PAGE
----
His Stockings Fouled And Down-Gyved Analysis

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II.i.78-83 (Signet Classic Edition) Ophelia says the quote above to Polonius to describe her previous encounter with Hamlet, which is used to used to introduce the theme of madness in the play. Before their encounter, Hamlet was confronted by his father’s ghost telling him that he was killed by his brother and he wants Hamlet to get revenge. This revelation has deeply affected Hamlet as shown by what Ophelia says he looks like when he approached her. Hamlet had “his doublet all unbraced” and “his stockings fouled, Ungartered, and down-gyved to his ankle”. This physical imagery shows what Hamlet feels inside, distressed. Also, the word “gyved” gives the reader an imagery of shackles, which can lead the reader to believe that Hamlet is now a…show more content…
Hamlet has “not hat upon his head” which was considered very indecent during the Elizabethan period, yet Hamlet doesn't seem to care, so this hints that he might be going mad. Later Ophelia uses a simile to say that Hamlet is “as pale as his shirt” and more symbolism, “his knees [were] knocking each other”, to further illustrate that he might be very disturbed and mentally ill at that moment. Then, Ophelia sums up her claim by saying that overall he looked so “piteous in proper” which means that the overall looked very pitiful in his appearance. In the next line, Ophelia uses the Biblical allusion of hell to further dramatize to Polonius the horrible way Hamlet looked when he approached Ophelia. It is clear in this scene that Ophelia believes that Hamlet has gone mad, but whether he has actually gone mad or his feigning madness is not clear to the reader.Throughout the rest of the play, the theme of madness or feigning madness occurs frequently and each time it is very unclear to the…show more content…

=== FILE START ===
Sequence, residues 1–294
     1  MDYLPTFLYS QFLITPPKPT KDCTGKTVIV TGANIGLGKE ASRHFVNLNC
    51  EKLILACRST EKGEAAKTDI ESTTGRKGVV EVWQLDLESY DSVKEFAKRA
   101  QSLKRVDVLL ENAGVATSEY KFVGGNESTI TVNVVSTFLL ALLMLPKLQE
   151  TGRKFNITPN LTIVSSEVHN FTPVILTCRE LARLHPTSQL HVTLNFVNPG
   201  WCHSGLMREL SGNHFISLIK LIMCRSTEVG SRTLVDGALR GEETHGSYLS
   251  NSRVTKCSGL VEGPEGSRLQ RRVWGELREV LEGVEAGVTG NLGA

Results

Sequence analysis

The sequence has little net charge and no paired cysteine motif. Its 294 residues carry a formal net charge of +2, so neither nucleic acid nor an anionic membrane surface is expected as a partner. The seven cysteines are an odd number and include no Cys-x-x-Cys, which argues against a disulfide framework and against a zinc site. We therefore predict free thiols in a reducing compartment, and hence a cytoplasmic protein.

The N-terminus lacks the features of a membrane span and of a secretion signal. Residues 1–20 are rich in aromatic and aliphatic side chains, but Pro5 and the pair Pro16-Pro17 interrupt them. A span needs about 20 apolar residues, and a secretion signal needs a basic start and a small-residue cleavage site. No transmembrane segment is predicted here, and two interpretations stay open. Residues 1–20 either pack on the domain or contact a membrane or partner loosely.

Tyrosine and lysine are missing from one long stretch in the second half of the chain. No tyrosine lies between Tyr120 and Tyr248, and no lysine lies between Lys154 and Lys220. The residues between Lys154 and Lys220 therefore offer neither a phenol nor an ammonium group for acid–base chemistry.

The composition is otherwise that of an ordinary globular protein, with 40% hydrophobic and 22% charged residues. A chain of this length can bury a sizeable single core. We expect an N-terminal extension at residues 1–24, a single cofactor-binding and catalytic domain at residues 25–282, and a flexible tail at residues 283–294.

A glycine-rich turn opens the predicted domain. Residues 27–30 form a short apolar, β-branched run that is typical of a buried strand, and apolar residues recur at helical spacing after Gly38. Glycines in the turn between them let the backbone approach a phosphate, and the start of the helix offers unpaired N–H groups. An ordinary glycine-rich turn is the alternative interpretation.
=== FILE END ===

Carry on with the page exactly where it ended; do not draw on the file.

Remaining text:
Most of this quote is mostly composed of rhetorical questions Hamlet asks himself. While he is asking himself these questions, he is trying o create an identity for himself. The quote starts out with Hamlet asking himself "Am I a coward?", which shows that he is trying to define him. Then, the line switches to him trying to rely on other people to define him like when he says "who calls me a villain?". The rest of the rhetorical question show signs of self-loathing without directing pointing out the Hamlet hates himself, but by asking what others will do to him. "Breaks my pate across? Plucks off my bread and blows it in my face? Tweaks me by the nose? Gives me the lie i' th' throat? As deep as to the lungs?" all roughly translate to who will slap me across the face, who will embarrass me by ripping my bread and throwing into my face, who will pinch my nose, and who will hurt me my stabbing me in the throat to my lungs. All of these show that other people are trying to define Hamlet as bad person through their violent acts and he is not defining himself. Later on Hamlet goes on to say “'Ha, ‘swounds, I should take it, for it cannot be But I am pigeon-livered and lack gall”. This shows that Hamlet would take on all those violent acts because he is too cowardly to define himself. Despite the fact that he is too cowardly to define his existence, Hamlet acknowledges that an individual must

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